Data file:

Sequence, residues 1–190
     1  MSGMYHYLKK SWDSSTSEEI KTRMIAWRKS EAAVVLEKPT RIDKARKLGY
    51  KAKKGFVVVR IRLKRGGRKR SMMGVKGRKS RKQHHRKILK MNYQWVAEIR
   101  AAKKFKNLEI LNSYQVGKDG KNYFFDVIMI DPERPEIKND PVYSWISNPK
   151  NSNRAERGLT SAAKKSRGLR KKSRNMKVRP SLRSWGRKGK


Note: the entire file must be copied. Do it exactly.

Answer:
Sequence, residues 1–190
     1  MSGMYHYLKK SWDSSTSEEI KTRMIAWRKS EAAVVLEKPT RIDKARKLGY
    51  KAKKGFVVVR IRLKRGGRKR SMMGVKGRKS RKQHHRKILK MNYQWVAEIR
   101  AAKKFKNLEI LNSYQVGKDG KNYFFDVIMI DPERPEIKND PVYSWISNPK
   151  NSNRAERGLT SAAKKSRGLR KKSRNMKVRP SLRSWGRKGK